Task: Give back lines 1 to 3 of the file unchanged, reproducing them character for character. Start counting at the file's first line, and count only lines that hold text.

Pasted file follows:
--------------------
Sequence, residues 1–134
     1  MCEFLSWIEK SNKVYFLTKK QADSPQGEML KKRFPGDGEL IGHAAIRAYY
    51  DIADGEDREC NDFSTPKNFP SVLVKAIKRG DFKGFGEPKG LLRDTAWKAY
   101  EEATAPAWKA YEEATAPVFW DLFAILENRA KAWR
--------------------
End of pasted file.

Sequence, residues 1–134
     1  MCEFLSWIEK SNKVYFLTKK QADSPQGEML KKRFPGDGEL IGHAAIRAYY
    51  DIADGEDREC NDFSTPKNFP SVLVKAIKRG DFKGFGEPKG LLRDTAWKAY